In various parts of Britain independent labour organisations emerged. Labour Unions were established in Bradford, Halifax, Hartlepool and Keighley, the founding resolution of the first declaring that "its objects should be to advance the interests of workingmen in whatever way it might from time to time be thought advisable...its operation should be carried on irrespective of the convenience of any political party" (quoted in Howell, British Workers and the Independent Labour Party, p.179). In Manchester a local Independent Labour Party was established in 1892, the fourth clause of its constitution stated "That all members of this party pledge themselves to abstain from voting for any candidate for election to any representative body who is in any way a nominee of the Liberal, Liberal-Unionist or Conservative parties" (quoted in Pelling, Origins of the Labour Party, p.97). Other organisations included the Aberdare Socialist Society in South Wales and the Newcastle Labour Party.

Another important aspect was the growth of labour and socialist papers, such as the Labour Leader, Labour Elector, the Workman 's Times and Clarion at the national level, alongside a host of local or sectional papers, such as The Miner and the Yorkshire Factory Times. Even though many titles were short-lived and the motives of both proprietors and journalists were often questionable, they still expressed the forward movement of the proletariat. In 1892, the Workman 's Times, which was edited by Joseph Burgess, a long-time supporter of independent labour activity, launched an appeal for readers to send in their names to support the formation of an independent labour party. Over 2,000 replied and a number of branches were established, although without any national organisation.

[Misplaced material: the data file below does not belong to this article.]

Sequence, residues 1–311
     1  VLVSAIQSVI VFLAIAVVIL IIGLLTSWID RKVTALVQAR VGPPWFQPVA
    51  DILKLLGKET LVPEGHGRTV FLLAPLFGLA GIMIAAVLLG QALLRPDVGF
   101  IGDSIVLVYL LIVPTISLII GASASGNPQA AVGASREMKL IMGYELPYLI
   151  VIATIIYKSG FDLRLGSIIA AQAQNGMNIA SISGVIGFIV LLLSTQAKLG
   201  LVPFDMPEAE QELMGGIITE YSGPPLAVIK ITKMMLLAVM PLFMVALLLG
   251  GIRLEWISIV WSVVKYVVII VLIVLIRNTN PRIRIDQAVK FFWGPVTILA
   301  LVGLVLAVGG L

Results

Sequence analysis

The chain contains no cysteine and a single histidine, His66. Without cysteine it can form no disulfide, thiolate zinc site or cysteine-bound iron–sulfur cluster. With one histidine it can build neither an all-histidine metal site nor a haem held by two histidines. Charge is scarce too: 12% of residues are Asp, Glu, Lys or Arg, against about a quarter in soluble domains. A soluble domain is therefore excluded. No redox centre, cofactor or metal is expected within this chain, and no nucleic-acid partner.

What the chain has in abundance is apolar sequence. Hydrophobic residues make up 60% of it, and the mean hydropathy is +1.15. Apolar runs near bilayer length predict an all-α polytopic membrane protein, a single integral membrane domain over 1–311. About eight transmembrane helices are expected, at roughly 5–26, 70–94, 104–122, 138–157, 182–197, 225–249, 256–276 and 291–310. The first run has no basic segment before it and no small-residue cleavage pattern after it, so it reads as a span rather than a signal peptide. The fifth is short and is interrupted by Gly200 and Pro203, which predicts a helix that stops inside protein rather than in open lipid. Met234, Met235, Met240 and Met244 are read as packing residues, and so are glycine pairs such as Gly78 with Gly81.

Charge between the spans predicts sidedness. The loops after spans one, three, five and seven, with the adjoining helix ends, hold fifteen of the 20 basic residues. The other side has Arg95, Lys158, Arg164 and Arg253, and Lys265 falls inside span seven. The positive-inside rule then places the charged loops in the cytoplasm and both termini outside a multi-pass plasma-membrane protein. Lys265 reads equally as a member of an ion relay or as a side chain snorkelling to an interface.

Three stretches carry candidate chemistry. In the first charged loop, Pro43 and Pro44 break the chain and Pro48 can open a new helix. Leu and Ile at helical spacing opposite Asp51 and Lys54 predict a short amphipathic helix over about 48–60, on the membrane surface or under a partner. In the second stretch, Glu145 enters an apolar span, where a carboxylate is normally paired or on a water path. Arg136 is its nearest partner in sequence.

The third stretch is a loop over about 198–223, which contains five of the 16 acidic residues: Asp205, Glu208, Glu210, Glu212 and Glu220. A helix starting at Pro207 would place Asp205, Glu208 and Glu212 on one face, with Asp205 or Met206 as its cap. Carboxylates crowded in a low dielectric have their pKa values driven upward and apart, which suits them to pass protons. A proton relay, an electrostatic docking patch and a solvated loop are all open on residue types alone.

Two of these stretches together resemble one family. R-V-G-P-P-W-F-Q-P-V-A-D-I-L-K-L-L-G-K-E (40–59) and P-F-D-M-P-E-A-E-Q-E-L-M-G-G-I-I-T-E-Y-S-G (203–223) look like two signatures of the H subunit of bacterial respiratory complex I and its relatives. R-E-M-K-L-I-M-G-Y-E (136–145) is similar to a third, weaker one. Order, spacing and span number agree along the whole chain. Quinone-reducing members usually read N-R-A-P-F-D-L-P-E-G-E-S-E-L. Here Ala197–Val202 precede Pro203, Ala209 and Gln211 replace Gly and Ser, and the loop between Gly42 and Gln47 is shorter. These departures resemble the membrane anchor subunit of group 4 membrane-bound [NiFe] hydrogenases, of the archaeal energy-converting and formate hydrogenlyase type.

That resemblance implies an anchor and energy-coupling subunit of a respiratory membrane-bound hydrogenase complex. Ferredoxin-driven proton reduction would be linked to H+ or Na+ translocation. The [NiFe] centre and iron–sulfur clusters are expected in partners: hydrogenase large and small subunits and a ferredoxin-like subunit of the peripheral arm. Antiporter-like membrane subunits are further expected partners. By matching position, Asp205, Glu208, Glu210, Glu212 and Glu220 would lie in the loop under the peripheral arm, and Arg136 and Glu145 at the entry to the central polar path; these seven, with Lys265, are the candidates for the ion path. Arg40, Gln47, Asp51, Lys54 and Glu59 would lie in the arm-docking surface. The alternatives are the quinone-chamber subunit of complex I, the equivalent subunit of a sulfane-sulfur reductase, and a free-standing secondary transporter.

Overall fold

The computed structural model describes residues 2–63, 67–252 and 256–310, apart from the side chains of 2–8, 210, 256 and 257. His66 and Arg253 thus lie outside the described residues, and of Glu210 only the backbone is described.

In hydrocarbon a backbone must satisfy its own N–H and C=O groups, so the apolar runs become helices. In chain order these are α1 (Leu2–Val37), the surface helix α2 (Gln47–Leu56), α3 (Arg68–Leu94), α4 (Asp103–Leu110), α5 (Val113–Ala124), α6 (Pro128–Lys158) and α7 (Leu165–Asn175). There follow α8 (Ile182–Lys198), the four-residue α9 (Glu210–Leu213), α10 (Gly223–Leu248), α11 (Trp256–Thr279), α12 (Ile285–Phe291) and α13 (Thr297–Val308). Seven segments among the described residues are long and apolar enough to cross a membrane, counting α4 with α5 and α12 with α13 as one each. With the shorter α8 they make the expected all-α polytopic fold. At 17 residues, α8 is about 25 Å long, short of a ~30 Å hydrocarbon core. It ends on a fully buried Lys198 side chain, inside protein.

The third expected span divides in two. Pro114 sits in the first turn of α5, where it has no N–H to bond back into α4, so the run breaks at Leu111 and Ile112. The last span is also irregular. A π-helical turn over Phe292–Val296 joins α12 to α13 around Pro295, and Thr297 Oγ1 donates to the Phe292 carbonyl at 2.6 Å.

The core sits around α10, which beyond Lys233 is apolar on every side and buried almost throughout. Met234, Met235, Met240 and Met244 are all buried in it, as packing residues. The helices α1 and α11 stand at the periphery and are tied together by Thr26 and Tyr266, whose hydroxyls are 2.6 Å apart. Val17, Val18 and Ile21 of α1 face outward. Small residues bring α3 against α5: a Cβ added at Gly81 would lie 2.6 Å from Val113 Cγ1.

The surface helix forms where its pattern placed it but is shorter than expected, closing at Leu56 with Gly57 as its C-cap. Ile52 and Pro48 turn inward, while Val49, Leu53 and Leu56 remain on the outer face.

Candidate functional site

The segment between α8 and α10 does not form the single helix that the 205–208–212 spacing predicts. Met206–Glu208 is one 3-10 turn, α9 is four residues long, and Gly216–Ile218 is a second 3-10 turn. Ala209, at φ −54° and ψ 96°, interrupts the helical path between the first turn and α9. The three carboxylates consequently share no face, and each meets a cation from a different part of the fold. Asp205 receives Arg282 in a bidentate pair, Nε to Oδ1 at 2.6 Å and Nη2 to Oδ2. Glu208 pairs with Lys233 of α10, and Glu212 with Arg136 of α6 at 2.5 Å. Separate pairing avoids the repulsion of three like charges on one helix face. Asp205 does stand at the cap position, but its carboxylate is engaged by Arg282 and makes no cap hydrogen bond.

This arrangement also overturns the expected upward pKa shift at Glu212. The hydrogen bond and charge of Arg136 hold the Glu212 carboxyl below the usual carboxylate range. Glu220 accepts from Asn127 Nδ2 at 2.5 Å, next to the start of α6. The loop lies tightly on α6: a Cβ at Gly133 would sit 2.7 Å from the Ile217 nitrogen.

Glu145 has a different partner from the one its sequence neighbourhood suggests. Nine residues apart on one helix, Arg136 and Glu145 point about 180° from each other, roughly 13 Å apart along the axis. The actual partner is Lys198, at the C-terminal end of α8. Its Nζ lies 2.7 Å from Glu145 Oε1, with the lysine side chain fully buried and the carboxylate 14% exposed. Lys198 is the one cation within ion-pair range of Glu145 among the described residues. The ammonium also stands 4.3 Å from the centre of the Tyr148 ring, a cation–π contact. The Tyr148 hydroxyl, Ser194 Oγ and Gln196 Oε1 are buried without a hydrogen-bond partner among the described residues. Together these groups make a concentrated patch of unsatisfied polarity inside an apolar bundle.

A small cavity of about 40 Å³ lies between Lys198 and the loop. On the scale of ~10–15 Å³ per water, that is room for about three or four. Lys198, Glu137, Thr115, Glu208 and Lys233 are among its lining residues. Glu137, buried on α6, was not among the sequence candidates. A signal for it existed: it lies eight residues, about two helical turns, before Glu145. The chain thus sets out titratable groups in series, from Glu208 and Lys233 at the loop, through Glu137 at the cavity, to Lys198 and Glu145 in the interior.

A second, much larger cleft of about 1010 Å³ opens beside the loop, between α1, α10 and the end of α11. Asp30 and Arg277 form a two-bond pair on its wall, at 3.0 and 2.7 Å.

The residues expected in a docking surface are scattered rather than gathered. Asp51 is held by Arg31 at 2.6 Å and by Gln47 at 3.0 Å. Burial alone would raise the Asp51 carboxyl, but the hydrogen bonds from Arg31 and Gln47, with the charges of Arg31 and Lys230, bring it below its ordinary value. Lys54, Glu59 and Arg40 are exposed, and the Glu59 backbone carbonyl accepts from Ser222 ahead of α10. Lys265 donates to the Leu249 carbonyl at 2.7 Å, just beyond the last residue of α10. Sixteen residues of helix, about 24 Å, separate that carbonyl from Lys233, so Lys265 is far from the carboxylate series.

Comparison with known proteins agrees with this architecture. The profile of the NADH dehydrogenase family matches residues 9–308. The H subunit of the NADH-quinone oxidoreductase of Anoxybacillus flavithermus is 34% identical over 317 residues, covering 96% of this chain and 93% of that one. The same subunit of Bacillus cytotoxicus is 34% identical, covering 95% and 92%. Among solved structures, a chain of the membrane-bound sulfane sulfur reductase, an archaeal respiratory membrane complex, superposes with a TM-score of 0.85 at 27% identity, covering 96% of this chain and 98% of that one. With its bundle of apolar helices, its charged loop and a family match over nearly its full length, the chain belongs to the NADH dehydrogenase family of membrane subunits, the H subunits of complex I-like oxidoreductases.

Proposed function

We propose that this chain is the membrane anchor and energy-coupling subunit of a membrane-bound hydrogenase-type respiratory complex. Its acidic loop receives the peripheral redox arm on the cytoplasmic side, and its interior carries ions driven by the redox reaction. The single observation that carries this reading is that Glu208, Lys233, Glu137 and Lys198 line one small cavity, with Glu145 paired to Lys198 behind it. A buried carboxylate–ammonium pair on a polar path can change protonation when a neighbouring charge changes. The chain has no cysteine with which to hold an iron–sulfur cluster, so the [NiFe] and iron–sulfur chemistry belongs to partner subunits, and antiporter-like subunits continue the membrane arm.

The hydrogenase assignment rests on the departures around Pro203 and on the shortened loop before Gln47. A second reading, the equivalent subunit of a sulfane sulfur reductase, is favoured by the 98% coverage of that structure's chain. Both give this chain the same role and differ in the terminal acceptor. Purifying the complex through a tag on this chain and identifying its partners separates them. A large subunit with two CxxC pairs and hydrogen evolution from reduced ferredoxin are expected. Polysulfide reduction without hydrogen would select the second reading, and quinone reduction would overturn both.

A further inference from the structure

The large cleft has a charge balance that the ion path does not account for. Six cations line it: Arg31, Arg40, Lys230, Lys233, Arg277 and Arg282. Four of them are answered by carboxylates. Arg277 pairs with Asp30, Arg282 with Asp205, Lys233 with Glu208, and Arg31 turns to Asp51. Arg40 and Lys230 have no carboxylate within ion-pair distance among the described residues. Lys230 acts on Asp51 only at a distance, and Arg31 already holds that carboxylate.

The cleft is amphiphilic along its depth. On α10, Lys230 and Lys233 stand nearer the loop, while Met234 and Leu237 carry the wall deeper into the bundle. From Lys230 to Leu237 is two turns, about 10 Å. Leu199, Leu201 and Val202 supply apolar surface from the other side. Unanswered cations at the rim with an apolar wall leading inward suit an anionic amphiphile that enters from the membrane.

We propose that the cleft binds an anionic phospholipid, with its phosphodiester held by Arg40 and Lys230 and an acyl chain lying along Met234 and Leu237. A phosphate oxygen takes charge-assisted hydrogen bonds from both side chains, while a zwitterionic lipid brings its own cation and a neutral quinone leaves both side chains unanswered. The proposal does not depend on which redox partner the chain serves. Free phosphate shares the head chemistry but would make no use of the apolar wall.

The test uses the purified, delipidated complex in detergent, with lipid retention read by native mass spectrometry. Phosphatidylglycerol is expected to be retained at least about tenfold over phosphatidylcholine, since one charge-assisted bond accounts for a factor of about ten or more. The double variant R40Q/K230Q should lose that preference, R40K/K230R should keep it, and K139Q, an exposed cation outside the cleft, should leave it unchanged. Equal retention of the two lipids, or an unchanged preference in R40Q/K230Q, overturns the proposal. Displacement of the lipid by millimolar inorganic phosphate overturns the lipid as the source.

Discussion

The developments that we have sketched out are frequently presented as both uniquely 'British' (reflecting the 'common-sense' pragmatism of the British working class) and as simply the raw material of the ILP, which itself was but a preparation for the Labour Party, the inevitable destination of the working class. In reality, as we have repeatedly stressed, the working class movement in Britain was an integral part of the international movement although, as with each part, it was influenced by its particular situation.

In the first place, the international working class affirmed itself as a class with its own interests opposed to those of the ruling class. If this found its highest expressions in the great Social Democratic parties in countries like Germany and, above all, in the creation of the Second International, it could also be seen in the vibrancy of the proletariat's social life, in its clubs with their emphasis on education and in the proliferation of newspapers, journals and pamphlets. Engels repeatedly expressed confidence that this dynamic would rapidly lead the workers to socialism. Commenting on the strikes of 1889 he argued "Moreover, the people regard their immediate demands only as provisional although they themselves do not know as yet what final aim they are working for. But this dim idea is strongly enough rooted to make them choose only openly declared Socialists as their leaders. Like everyone else they will have to learn by their experiences and the consequences of their own mistakes. But as, unlike the old trade unions, they greet every suggestion of an identity of interest between Capital and Labour with scorn and ridicule, this will not take very long... " (Engels to Sorge December 1889, quoted Pelling op. cit). It was this dynamic which was expressed so forcibly in the massive May Day demonstration in London the following year and which prompted Engels to declare, "There can be no doubt that on May 4, 1890 the English working class joined the great international army" (“May 4 in London”, Collected Works vol. 27, p.66).